Piranesi’s house is no ordinary building: its rooms are infinite, its corridors endless, its walls are lined with thousands upon thousands of statues, each one different from all the others. Within the labyrinth of halls an ocean is imprisoned; waves thunder up staircases, rooms are flooded in an instant. But Piranesi is not afraid; he understands the tides as he understands the pattern of the labyrinth itself. He lives to explore the house.
There is one other person in the house―a man called The Other, who visits Piranesi twice a week and asks for help with research into A Great and Secret Knowledge. But as Piranesi explores, evidence emerges of another person, and a terrible truth begins to unravel, revealing a world beyond the one Piranesi has always known.
For readers of Neil Gaiman’s The Ocean at the End of the Lane and fans of Madeline Miller’s Circe, Piranesi introduces an astonishing new world, an infinite labyrinth, full of startling images and surreal beauty, haunted by the tides and the clouds.
"[Piranesi] flooded me, as the tides flood the halls, with a scouring grief, leaving gleaming gifts in its wake… rich, wondrous, full of aching joy and sweet sorrow. "- The New York Times Book Review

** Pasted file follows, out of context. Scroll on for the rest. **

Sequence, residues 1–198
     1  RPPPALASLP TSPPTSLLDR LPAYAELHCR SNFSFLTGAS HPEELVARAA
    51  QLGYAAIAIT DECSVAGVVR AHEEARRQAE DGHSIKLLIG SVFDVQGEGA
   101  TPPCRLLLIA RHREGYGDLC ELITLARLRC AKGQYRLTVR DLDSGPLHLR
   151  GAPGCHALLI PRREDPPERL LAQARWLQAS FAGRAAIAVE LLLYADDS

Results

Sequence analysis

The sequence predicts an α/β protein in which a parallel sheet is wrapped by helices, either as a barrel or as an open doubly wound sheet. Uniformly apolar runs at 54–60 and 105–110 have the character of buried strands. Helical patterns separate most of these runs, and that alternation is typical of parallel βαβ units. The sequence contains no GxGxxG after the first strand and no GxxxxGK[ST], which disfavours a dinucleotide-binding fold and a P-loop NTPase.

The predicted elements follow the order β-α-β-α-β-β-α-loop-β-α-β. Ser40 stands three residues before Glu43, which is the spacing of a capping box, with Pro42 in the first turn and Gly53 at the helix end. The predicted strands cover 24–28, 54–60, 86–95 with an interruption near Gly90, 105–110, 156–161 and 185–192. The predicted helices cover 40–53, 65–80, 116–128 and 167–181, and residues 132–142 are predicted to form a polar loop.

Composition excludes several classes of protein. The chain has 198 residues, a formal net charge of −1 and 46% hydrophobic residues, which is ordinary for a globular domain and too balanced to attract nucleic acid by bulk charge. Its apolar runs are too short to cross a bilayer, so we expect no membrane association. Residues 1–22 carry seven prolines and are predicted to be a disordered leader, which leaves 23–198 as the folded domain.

“Piranesi Will Wreck You: The novel establishes Susanna Clarke as one of our greatest living writers.” ―New York Magazine
“Infinitely clever… none of [Clarke's] enchantment has worn off - it's evolved. . . to abide in these pages is to find oneself happily detained in awe.” ―The Washington Post
"Enthralling [and] transcendent… the sweetness, the innocence of Piranesi's love for this world is devastating to read. Clarke's writing is clear, sharp ― she can cleave your heart in a few short words. . . The mystery of Piranesi unwinds at a tantalizing yet lightening-like pace ― it's hard not to rush ahead, even when each sentence, each revelation makes you want to linger." - NPR.org
“A novel that feels like a surreal meditation on life in quarantine.” ―The New Yorker